DUXHURST INEBRIATE FARM COLONY
In 1896, Duxhurst Inebriate Farm Colony was opened by Princess Mary, Duchess of Teck on the 180-acre Duxhurst Estate in Reigate, Surrey. Dr Sarah Anderson-Brown, who had been researching ways alcoholism could be treated, proposed the concept to Lady Henry Somerset who was eager to proceed with the idea. Dr Sarah Anderson-Brown, who had been researching ways alcoholism could be treated, proposed the concept to Lady Henry Somerset who was eager to proceed with the idea.
The intention of the farm was to treat females of all social classes, who had developed a problem with alcohol or drugs, and patients were expected to stay for a year. Duxhurst Farm was essentially a Victorian rehabilitation centre. The estate at Duxhurst already had a large manor house which meant the farm could be speedily set up.
The manor house was for wealthy ladies (aristocrats, music hall singers and other celebrities) who could afford to pay for their accommodation and care. They paid between 2 to 5 guineas a week (£2.10 – £5.35). A separate cottage on the edge of the estate was allocated for middle class women who could contribute something towards their stay. They were charged a maximum of 30 shillings (£1.50).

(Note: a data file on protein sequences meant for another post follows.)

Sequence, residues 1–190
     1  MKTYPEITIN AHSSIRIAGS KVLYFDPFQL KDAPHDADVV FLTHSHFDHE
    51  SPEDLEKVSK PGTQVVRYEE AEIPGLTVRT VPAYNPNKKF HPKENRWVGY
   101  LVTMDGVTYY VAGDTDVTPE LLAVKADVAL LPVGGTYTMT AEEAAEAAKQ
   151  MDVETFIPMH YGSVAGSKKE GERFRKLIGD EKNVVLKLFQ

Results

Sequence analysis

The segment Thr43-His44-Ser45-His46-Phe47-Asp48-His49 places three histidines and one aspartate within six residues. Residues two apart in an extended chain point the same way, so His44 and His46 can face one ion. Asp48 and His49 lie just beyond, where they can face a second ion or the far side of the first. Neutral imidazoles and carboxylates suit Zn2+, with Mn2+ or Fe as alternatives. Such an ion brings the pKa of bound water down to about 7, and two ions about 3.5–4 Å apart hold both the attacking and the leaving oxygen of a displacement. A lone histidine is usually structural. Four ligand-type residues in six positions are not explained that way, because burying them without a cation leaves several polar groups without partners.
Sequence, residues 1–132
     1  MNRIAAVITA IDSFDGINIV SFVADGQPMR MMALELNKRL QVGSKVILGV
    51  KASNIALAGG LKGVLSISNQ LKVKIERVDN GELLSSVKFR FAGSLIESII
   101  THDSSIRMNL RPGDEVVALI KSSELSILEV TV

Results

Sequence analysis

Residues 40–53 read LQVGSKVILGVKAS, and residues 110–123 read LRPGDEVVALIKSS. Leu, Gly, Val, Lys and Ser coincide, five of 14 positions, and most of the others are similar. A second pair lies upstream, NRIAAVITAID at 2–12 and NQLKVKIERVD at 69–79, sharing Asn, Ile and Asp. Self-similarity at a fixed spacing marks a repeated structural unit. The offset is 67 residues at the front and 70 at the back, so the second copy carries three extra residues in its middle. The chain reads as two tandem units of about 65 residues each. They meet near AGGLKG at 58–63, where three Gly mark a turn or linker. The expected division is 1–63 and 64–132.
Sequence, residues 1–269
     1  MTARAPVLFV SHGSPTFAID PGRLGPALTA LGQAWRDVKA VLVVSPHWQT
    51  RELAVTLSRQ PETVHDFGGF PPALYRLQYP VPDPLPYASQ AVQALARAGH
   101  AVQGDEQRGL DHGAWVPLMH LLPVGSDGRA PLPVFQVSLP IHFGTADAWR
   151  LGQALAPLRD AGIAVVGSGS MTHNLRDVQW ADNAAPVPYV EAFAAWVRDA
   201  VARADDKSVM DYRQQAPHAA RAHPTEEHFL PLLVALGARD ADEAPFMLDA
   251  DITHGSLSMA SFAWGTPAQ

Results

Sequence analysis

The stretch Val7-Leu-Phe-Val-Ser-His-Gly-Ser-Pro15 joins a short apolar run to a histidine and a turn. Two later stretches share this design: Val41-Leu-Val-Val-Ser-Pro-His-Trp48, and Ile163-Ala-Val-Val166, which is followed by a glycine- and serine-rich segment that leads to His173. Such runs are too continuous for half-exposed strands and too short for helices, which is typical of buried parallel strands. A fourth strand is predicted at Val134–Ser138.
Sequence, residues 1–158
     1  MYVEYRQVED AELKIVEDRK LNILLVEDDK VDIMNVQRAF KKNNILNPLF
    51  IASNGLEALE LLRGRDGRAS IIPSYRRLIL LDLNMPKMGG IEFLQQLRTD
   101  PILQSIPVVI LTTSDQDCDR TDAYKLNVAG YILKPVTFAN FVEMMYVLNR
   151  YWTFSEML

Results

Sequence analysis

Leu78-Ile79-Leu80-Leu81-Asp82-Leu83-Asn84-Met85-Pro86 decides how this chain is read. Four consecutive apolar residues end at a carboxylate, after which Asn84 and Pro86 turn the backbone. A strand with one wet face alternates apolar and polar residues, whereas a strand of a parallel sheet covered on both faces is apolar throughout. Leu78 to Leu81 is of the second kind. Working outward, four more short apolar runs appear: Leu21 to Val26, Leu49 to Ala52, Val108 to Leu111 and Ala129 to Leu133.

Lady Henry Somerset designed thatched cottages to house working class women, who were provided a domestic job within the Farm. These women paid 5 shillings a week (25p). She stayed on the Farm herself in a residence called ‘The Cottage’.
The philosophy at Duxhurst Farm was that the outdoors and fresh air were good for everyone, so many tasks such as laundry and sewing were done outside. There was a dairy farm, extensive lavender fields, strawberry and raspberry plants (of which preserves were made and sold) and the women were encouraged to take part in poultry-rearing and bee-keeping.
RESIDENTS WORKING THE FIELDS
LADIES TENDING TO PLANTS
The popularity of Duxhurst Farm was astounding. In one year there were 3,200 applicants for just 50 spaces. Lady Henry Somerset devoted the rest of her life to Duxhurst Farm before she died. Unfortunately, very little of the Farm remains today. The manor house was commandeered by the War Office in World War I for use as a Red Cross Hospital.
The manor house and the church, which was a main focal point in the Farm, have long been demolished. The only remaining signifier of Lady Henry Somerset’s work is her home, ‘The Cottage’, now a privately owned residence.